Destinations,  Friesland,  The Netherlands

Harvesting grapes in The Netherlands at de Frysling

There’s something I love as much as travelling: wine! It’s not a secret, in our trips we visit the local vineyards, taste the wines and buy some for the rest of the trip. We have been in Tyrrell’s in Australia, Bodegas Monje in Tenerife,  Castello di Amorosa and Beringer in Napa Valley, in many vineyards of Martinborough and Marlborough in New Zealand, La Rioja and Bourdeaux, and after five years living in Friesland, I hadn’t visit yet the most northerly vineyard in The Netherlands: De Frysling.

Frysling 1 lowDuring my second trip to the Lauwersmeer region I meet Jantiene, the owner of the vineyard. She came to “it dreamlan“, our accommodation, on the Friday night and brought wine for a tasting. Too bad I was already pregnant and I couldn’t have a glass. But that wasn’t an impediment to talk about the vineyard and the wines. She told me they were about to harvest the last grapes of the season on the Sunday. I don’t know if it was because I was very enthusiastic about the vineyard and the harvesting that she invited me to join them!

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Harvesting grapes in The Netherlands at de Frysling

I didn’t tell it her, but in my mind I’ve been planning a trip to witness the harvesting of the grapes for a long time. So even thought our Sunday was already completely planned, I kept the idea of sneaking out at some point of the day to go to the harvesting grapes at De Frysling.

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The weather on Sunday couldn’t have been beter for the first weekend of November! I woke up earlier and I went first to take some pictures of the sunrise in Moddergat (a lovely little fishers village). When I was back, I headed to De Frysling.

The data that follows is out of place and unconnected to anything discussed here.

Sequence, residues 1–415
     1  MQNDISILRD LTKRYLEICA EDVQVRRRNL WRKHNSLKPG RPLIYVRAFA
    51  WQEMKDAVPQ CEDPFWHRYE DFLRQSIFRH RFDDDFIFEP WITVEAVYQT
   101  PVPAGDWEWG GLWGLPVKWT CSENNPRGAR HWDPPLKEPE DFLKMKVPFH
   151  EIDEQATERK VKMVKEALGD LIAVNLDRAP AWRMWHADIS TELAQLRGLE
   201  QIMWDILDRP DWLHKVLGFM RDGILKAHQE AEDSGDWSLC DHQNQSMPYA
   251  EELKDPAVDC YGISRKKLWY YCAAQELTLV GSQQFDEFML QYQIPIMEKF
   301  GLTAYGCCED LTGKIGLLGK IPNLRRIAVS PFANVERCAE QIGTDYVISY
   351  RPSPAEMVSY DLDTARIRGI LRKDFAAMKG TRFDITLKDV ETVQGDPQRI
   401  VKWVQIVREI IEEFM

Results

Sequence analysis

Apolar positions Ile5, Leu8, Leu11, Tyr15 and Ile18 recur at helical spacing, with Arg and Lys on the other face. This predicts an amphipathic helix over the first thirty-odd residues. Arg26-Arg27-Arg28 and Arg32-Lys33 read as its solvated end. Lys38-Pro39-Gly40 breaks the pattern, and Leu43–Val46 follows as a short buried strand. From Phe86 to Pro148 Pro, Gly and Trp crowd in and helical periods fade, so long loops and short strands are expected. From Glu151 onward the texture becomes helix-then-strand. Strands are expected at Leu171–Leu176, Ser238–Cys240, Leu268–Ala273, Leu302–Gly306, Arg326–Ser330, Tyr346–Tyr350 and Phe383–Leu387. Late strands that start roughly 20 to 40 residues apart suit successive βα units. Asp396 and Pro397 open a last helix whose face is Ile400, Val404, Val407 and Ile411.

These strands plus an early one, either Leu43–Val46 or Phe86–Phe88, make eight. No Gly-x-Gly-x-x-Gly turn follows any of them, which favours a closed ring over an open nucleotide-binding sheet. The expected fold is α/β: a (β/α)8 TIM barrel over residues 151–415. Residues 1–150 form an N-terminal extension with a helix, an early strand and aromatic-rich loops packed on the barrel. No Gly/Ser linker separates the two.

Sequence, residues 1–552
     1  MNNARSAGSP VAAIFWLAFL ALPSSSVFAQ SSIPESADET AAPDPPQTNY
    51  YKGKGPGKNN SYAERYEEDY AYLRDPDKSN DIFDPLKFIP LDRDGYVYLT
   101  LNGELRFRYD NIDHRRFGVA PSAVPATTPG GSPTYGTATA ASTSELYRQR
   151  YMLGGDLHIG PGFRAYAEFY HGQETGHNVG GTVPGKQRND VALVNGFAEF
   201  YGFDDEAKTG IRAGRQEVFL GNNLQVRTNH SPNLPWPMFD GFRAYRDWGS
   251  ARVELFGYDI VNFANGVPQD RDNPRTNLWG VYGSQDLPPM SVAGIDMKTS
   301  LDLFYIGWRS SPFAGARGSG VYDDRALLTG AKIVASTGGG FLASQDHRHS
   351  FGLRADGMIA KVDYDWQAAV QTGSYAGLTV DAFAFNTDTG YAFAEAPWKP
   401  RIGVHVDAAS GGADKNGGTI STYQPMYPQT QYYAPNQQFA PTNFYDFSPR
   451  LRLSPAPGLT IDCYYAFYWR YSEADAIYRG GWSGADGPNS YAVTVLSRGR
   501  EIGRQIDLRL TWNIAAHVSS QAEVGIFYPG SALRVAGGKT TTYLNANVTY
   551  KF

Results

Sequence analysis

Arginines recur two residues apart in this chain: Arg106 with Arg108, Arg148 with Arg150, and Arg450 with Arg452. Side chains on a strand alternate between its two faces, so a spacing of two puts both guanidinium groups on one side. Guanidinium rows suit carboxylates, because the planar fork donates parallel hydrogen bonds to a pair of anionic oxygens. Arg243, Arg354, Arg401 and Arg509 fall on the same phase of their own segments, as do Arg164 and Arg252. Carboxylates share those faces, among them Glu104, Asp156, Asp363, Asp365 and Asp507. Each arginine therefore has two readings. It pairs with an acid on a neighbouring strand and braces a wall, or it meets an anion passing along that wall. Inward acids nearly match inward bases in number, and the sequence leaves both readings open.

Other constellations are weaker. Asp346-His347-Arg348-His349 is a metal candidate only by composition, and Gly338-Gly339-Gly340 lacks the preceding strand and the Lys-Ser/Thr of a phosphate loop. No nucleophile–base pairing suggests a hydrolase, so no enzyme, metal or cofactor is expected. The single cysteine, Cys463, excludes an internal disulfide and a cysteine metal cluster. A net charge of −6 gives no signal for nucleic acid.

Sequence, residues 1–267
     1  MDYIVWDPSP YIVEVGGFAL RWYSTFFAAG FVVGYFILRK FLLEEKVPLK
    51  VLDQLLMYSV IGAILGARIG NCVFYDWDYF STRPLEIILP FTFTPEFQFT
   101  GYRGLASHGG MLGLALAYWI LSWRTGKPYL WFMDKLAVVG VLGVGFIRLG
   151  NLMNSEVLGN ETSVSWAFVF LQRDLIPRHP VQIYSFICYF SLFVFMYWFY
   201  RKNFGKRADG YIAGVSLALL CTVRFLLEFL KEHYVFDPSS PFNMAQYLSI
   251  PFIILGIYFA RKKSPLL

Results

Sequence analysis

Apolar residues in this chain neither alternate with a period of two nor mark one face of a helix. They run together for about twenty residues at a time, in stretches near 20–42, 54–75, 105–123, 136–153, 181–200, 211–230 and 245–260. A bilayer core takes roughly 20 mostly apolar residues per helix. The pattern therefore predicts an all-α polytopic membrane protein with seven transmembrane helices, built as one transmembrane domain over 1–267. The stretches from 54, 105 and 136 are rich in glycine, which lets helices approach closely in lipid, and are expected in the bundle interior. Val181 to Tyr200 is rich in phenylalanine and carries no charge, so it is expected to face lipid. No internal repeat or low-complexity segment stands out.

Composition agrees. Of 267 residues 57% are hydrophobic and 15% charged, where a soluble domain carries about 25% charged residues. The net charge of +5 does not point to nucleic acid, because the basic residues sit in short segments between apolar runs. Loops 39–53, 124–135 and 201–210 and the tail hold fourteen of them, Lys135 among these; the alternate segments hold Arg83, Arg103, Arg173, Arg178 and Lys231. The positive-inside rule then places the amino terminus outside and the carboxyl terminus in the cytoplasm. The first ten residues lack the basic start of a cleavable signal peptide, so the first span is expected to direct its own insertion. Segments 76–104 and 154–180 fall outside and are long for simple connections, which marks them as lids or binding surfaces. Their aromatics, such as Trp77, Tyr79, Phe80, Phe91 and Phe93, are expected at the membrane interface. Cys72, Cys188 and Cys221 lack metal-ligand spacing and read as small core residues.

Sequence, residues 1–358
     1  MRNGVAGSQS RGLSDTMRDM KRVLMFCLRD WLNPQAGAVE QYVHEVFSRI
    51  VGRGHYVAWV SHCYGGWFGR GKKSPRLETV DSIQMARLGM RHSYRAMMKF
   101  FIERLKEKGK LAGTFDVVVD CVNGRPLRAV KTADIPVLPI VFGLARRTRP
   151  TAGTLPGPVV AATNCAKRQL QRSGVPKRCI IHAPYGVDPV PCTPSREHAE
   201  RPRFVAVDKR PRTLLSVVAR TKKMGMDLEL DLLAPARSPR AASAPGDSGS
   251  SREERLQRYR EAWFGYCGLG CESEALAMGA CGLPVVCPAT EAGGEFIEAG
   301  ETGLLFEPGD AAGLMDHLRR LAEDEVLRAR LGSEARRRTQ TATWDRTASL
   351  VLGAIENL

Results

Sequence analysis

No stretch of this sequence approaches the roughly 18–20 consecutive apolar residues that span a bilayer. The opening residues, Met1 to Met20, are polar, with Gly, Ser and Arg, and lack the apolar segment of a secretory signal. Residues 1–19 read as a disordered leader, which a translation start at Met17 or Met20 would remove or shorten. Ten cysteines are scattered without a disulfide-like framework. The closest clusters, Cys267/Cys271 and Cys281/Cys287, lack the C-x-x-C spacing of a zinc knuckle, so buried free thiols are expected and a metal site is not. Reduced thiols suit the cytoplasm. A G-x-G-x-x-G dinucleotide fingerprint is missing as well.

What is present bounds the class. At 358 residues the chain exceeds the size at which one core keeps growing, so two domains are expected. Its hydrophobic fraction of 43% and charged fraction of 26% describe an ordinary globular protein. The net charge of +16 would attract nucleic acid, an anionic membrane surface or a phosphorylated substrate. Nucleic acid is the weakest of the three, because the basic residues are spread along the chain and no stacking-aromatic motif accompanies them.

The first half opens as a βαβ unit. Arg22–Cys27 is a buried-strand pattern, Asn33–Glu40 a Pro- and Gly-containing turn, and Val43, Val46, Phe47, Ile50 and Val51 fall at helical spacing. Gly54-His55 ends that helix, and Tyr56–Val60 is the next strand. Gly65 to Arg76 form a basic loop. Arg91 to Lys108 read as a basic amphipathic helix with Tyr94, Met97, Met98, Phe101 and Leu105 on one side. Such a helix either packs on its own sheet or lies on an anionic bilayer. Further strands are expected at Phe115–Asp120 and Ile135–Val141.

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What makes this vineyard so special? Well, I don’t think the Netherlands will come to your mind if you think of wine producing countries. The weather here is just not so good for wine making grapes and even though De Frysling has found the way to be able to find the right grape varieties for this climate: Johanniter, Solaris, Souvignier Gris, Pinotin, Carbernet Noir and Cabernet Cortis. With them they produce white wine, rosé and amazing “Brûswyn” (sparkling wine).Frysling 6

The harvesting is completely done manually, which assures that only the best grapes are used for the wine. I can tell you, harvesting is really time consuming. It’s not about picking the grapes and putting them into the buckets, but also checking grape by grape that they are all fine.

Harvesting grapes in The Netherlands at de Frysling
Harvesting grapes in The Netherlands at de Frysling

 It’s a very methodical work, you take the brunch and exterminate all grapes. If the skin is damage, you need to remove it. If the grape is wrinkled, you also need to remove it. Sometimes you take a huge brunch and after you are done taking those not high quality grapes out, you end up with a tiny brunch. But this is the way De Frysling assures a great taste and quality wine.

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Checking the grapes during the harvesting at de Frysling

We couldn’t stay the whole day, but we had a great time talking to Jantiene in their tasting local, which is open each first Sunday of the month from 14:00 to 17:00.

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The tasting local of De Frysling

Well, if a couple of hours is not enough you can also stay in the vineyard. They have a cozy guesthouse that can accommodate two adults and two children. I loved the “bedstee”, which it’s the old fashioned bed of The Netherlands, a bed inside of a compartiment. This is surely one of the best ways to expend a romantic Valentin’s weekend.

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Guesthouse at De Frysling

And if you even want more, you can always contact Jantiene as they also have volunteers staying for a certain period with them. Surely the best way to experience the vineyard.

De Frysling

Thanks Jantiene for the great conversations and explanations as well as for being able to be part of the harvesting. We will surely come back to taste the wine we were picking and in autumn to help out a fully day with the harvest 🙂

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